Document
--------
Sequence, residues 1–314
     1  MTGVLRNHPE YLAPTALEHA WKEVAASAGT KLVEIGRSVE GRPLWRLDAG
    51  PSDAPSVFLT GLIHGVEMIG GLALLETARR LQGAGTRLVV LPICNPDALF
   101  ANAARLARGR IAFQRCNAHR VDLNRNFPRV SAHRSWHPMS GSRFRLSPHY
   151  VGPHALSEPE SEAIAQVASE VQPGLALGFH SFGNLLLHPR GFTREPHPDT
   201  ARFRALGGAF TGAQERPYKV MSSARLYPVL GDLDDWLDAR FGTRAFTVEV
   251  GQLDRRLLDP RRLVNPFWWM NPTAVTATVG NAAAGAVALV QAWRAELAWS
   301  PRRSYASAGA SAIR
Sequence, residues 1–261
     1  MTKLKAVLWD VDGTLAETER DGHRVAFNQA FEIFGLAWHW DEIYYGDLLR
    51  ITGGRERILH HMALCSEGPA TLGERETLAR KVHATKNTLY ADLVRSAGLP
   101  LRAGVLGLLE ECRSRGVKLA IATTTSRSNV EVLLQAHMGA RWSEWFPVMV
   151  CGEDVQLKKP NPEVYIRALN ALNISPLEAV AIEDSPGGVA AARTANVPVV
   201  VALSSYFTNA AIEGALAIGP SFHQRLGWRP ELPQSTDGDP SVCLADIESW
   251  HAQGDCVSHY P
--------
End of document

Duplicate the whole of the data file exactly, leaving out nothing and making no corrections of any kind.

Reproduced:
Sequence, residues 1–314
     1  MTGVLRNHPE YLAPTALEHA WKEVAASAGT KLVEIGRSVE GRPLWRLDAG
    51  PSDAPSVFLT GLIHGVEMIG GLALLETARR LQGAGTRLVV LPICNPDALF
   101  ANAARLARGR IAFQRCNAHR VDLNRNFPRV SAHRSWHPMS GSRFRLSPHY
   151  VGPHALSEPE SEAIAQVASE VQPGLALGFH SFGNLLLHPR GFTREPHPDT
   201  ARFRALGGAF TGAQERPYKV MSSARLYPVL GDLDDWLDAR FGTRAFTVEV
   251  GQLDRRLLDP RRLVNPFWWM NPTAVTATVG NAAAGAVALV QAWRAELAWS
   301  PRRSYASAGA SAIR
Sequence, residues 1–261
     1  MTKLKAVLWD VDGTLAETER DGHRVAFNQA FEIFGLAWHW DEIYYGDLLR
    51  ITGGRERILH HMALCSEGPA TLGERETLAR KVHATKNTLY ADLVRSAGLP
   101  LRAGVLGLLE ECRSRGVKLA IATTTSRSNV EVLLQAHMGA RWSEWFPVMV
   151  CGEDVQLKKP NPEVYIRALN ALNISPLEAV AIEDSPGGVA AARTANVPVV
   201  VALSSYFTNA AIEGALAIGP SFHQRLGWRP ELPQSTDGDP SVCLADIESW
   251  HAQGDCVSHY P